But remember.... there are very strong industry pressures on the EPA and USDA, with some government officials also having ties to the industry, and so perhaps it's a case of keeping the head firmly in the sand for all sorts of pesticide issues. Maybe the motto is: see no evil...hear no evil....There have been some lawsuits from people claiming harm from the pesticide, as well as push back from scientists and environmental groups. Some influential scientists and physicians came out with a Statement of Concern in 2016 regarding their serious concerns with glyphosate.

The reason that glyphosate tolerance limits needed to be increased in the USA is because Roundup Ready crops are now so extensively planted, and this has resulted in skyrocketing use of glyphosate in the last 20 years. Roundup Ready crops are genetically modified to tolerate repeated glyphosate spraying (against weeds)  during the growing season. However, the crops take up and accumulate  glyphosate, and so glyphosate residues are increasing in crops. Another reason for increased residue of glyphosate in crops is the current practice of applying an herbicide such as Roundup right at the time of harvest to non-GMO crops such as wheat, so that the crop dies at once and dries out (pre-harvest crop dessication), and which is called a "preharvest application" by Monsanto. Glyphosate is now off-patent so many other companies are also using glyphosate in their products throughout the world.

How to lower your daily intake of glyphosate? Eat organic foods as much as possible, including wheat, corn, oats, soybeans. Glyphosate is not allowed to be used in organic food production. The following excerpts are from an article by journalist Carey Gillam, and it is well worth reading the entire article. From The Huffington Post:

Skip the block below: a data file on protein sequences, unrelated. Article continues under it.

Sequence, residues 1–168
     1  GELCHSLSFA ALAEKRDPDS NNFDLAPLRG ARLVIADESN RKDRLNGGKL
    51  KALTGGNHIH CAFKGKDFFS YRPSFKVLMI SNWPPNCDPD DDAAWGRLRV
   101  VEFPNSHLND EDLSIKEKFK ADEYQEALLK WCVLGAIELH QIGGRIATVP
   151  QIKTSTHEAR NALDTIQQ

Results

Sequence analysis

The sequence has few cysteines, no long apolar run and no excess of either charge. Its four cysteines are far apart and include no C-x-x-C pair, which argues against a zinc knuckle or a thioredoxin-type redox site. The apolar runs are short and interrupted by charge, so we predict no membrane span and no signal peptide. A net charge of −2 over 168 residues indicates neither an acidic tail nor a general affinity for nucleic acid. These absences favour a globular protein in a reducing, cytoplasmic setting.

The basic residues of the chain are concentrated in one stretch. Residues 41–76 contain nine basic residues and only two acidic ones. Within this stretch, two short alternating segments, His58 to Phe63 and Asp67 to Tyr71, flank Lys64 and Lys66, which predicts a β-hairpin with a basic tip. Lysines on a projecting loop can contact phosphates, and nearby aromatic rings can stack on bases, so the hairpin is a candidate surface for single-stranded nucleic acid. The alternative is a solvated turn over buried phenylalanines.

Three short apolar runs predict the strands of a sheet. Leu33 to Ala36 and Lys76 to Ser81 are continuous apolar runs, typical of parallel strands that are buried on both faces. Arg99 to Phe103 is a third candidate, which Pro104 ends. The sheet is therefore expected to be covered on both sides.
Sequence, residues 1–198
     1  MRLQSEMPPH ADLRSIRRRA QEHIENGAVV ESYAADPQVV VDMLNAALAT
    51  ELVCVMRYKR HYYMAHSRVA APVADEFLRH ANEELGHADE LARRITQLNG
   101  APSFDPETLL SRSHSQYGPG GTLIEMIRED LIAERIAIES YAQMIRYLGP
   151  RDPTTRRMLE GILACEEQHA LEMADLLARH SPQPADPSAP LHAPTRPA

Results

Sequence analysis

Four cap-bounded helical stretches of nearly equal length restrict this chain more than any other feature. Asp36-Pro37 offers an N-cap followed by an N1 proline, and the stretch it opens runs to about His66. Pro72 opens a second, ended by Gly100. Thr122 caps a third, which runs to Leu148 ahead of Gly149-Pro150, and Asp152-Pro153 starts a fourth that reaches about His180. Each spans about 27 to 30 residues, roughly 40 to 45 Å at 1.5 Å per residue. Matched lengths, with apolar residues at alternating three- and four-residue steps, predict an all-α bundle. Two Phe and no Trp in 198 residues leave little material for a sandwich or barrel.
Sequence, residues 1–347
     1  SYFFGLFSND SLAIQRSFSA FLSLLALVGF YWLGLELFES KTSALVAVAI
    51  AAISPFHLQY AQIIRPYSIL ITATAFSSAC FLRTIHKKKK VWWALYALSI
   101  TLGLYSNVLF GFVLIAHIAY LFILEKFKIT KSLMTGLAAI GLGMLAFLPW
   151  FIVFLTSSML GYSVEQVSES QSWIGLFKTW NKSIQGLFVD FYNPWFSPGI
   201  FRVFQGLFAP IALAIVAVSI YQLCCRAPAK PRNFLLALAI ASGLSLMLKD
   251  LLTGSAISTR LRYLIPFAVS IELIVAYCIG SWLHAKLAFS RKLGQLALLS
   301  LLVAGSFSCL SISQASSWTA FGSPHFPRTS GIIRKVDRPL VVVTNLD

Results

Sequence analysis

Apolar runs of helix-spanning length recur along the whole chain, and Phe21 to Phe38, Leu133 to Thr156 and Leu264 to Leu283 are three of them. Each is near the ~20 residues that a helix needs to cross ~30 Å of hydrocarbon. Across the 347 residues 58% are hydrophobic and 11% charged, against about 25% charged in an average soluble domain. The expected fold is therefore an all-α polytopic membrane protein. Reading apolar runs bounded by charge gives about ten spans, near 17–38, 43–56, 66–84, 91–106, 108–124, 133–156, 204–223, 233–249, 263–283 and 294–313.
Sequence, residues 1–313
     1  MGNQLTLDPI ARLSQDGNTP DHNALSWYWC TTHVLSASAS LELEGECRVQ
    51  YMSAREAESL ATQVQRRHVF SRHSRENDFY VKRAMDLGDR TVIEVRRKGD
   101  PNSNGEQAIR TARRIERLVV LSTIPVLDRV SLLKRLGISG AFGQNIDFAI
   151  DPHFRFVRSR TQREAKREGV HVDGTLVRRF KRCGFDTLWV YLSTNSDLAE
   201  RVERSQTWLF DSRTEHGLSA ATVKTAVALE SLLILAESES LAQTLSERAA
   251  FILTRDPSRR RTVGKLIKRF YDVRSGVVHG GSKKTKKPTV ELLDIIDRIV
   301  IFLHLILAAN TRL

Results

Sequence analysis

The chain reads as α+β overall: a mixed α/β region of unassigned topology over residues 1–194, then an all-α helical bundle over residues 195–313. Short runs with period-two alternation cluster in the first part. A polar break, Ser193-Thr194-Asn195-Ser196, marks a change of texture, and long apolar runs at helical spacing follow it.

USDA Drops Plan to Test for Monsanto Weed Killer in Food

The U.S. Department of Agriculture has quietly dropped a plan to start testing food for residues of glyphosate, the world’s most widely used weed killer and the key ingredient in Monsanto Co.’s branded Roundup herbicides. The agency spent the last year coordinating with the Environmental Protection Agency (EPA) and the Food and Drug Administration (FDA) in preparation to start testing samples of corn syrup for glyphosate residues on April 1, according to internal agency documents obtained through Freedom of Information Act requests. Documents show that at least since January 2016 into January of this year, the glyphosate testing plan was moving forward. But when asked about the plan this week, a USDA spokesman said no glyphosate residue testing would be done at all by USDA this year.